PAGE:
We Won’t Take Yes for an Answer
We tell them no means no
what part of that word
they don’t understand.
Every secret place on the far side
of casual conversation
after the fire sale.
I would tell you read my lips
but fear being taken
for a president
boasting Mission Accomplished.
There is no mission here,
donning its invisibility cloak
We tell them no means no.
They smile disarmingly.
We won’t take yes for an answer
and turn them into pillars of salt.
Molecules Sometimes Wonder
No ideas but in things… —William Carlos Williams
Beneath the seconds I hear a clock ticking
in a language I once knew.
Beneath the minutes, pathways fade
on frayed maps, their faces turned
to a sputtering midnight sun.
The hours are weighted with surplus food,
the sort that comes in UN packaging,
pale blue with white letters:
desperate invitation to survive.
I carry those days and weeks and months
on a back bent by the poundage of hope
in a world still moving only in one direction:
forward, although its molecules
sometimes wonder whether they are
coming or going.
We press time for new possibilities,
intuit a future long gone
or just around the corner.
I may claim our past
will rise again
or all time is simultaneous
rather than sequential.
I can imagine realities as impossible
as the airplane in 1850
or computers back when I longed
for my first Royal portable.
I can play da Vinci to your doubting Thomas.
But that won’t provide the extra year
a woman with cancer hopes she has
or the food needed by a child of war
so she may reach adulthood.
Imagined time still meets
the mundane cousin standing in its way
with broad shoulders,
arms akimbo and all the ballast
of a 390-pound running back.
When it comes to assessing matter,
the movement of atoms, quarks,
string theory, loops, the singularity
at the center of a black hole
or where we are going or have been,
there is only our body’s story
etched in a mind that is also flesh,
the perfect location
when approached from all directions.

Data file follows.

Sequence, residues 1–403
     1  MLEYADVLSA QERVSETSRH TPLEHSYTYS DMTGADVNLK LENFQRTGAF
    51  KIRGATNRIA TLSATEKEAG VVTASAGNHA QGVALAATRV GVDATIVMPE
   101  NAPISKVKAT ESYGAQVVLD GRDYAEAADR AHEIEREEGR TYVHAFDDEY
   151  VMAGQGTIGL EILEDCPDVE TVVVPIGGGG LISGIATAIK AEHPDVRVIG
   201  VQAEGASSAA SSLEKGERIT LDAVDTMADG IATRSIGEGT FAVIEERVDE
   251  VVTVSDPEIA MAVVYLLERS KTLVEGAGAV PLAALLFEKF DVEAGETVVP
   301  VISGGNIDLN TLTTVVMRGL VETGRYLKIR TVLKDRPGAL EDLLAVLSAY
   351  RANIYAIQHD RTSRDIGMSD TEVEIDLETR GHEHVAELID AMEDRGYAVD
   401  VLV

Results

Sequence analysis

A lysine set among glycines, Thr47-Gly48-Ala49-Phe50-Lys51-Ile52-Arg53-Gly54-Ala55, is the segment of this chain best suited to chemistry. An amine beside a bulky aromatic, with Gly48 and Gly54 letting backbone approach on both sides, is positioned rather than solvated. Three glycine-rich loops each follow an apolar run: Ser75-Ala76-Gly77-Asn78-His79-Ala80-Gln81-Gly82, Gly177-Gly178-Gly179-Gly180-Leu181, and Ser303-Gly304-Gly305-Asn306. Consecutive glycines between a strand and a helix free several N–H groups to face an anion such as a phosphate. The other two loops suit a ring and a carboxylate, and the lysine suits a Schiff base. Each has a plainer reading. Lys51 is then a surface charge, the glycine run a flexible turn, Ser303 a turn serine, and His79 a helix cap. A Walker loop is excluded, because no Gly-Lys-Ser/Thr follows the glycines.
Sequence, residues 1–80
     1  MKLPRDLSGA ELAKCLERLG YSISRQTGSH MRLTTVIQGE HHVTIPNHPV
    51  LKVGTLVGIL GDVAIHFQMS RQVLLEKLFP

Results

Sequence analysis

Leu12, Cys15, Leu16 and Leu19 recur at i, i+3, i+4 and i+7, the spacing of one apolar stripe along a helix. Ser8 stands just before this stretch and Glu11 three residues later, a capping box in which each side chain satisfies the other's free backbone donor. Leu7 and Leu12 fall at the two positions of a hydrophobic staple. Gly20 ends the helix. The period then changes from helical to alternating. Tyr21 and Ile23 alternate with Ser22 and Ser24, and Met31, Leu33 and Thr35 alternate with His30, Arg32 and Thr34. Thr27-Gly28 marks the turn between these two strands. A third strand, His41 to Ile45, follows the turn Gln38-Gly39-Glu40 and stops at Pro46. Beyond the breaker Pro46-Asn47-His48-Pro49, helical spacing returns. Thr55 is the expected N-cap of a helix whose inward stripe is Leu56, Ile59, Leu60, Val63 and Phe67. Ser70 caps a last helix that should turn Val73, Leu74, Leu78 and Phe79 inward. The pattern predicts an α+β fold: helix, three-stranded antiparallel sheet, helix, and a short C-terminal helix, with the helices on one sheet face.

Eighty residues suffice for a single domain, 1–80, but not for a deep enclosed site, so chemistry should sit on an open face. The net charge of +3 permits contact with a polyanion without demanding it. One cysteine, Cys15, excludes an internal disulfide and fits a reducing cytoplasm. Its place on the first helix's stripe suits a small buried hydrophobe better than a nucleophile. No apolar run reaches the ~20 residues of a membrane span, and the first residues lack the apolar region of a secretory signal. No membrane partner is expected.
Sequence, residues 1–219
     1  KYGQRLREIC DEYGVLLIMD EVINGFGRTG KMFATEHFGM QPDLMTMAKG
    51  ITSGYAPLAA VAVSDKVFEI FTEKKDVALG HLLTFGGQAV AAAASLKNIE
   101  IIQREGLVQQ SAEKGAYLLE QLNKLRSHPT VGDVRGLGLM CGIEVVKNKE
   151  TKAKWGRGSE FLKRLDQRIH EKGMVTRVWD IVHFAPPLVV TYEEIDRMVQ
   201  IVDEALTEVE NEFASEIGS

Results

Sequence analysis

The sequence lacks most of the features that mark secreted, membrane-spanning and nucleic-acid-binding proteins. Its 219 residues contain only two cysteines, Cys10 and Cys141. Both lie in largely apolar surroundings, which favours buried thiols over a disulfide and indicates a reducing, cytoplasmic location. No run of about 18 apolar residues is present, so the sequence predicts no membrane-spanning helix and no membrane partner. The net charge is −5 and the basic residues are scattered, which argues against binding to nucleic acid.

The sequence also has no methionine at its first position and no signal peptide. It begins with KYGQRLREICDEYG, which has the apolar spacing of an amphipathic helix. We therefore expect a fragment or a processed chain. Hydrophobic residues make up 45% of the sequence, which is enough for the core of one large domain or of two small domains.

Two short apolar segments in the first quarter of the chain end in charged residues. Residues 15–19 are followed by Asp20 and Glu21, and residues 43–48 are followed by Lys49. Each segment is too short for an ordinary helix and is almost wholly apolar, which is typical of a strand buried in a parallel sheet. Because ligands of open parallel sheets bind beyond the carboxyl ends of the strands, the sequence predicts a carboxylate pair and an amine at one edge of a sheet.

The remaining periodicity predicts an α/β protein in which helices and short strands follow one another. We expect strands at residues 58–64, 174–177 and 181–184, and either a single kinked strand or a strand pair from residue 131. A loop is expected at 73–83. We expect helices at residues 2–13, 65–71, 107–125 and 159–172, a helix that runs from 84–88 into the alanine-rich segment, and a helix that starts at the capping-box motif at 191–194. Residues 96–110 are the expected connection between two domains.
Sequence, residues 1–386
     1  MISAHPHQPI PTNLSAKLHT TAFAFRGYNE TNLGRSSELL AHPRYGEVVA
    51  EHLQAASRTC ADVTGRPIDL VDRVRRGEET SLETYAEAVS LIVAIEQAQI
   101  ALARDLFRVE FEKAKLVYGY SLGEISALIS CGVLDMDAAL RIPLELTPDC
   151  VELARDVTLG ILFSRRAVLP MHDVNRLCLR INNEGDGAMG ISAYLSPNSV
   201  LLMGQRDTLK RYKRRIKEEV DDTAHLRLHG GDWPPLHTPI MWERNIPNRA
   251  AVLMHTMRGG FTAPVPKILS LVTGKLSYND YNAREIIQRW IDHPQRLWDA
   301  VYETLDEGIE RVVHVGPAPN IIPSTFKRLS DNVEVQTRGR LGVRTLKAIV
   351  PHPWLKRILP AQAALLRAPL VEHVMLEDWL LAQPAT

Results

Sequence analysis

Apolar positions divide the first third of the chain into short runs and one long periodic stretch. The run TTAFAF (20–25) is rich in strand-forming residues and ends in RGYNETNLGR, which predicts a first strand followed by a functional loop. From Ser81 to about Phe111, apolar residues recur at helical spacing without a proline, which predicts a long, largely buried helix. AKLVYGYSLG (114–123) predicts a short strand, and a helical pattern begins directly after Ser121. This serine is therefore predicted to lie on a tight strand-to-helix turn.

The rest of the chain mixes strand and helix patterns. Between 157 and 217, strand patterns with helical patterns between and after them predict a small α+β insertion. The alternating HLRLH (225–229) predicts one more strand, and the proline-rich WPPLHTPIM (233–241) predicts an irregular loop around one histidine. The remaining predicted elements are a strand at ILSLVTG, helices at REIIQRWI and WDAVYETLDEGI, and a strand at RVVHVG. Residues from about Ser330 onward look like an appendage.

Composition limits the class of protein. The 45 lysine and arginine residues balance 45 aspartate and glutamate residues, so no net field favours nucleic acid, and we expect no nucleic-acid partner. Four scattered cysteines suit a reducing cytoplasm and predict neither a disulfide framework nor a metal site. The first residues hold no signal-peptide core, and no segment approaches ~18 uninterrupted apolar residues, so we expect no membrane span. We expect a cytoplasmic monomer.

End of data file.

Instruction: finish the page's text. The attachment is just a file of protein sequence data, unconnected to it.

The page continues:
Today Was a Good Day
Today was a good day. To begin with
I woke up this morning
and was able to get out of bed
unbending the length of my body.
I could aim a remote at the heater
and the room began
to lose its chill. The milk
in my refrigerator hadn’t gone bad.
If I opened my door I wouldn’t
find myself in Mogadishu
New Mexico’s sun holds me close.
My children nurture their children
in cities where life is possible.
The ravages of hunger haven’t yet
claimed their limbs and eyes.
It is easy to calculate solutions
to the world’s problems
nestled on a comfortable couch
or seated before a computer.
I know I must consult the mother
forced back to Honduras
without her child, the young girl
taken by Boko Haram.
I understand the distance
I’d have to travel
and the language I’d have to learn
to be free from “them” and “me.”
Today was a good day but even if
just some of the walls come down
it will be better tomorrow,
better still the next.
Out of Violence into Poetry
Water, real or illusory, shimmers along
the desert horizon.
Oasis: early 17th century word
via late Latin from the Greek,
perhaps of Egyptian origin.
Egypt, a country of vast sand
on which wet and fertile
exceptions nourish life.
Also: peaceful area or period
in the midst of troubled times.
Thus, place becomes time in the blink
of geography’s eye.
Double helix embracing itself
as it rises in our throats:
see-saw of intuition singing loud.
Let me satiate your thirst, feed
your hunger. Satisfy mine,
if only because we are
conscious beings standing together
in this dangerous century.
We are reduced to small gestures:
reflected in a gaze
or touch of a hand,
oases of light where we may move
out of violence into poetry.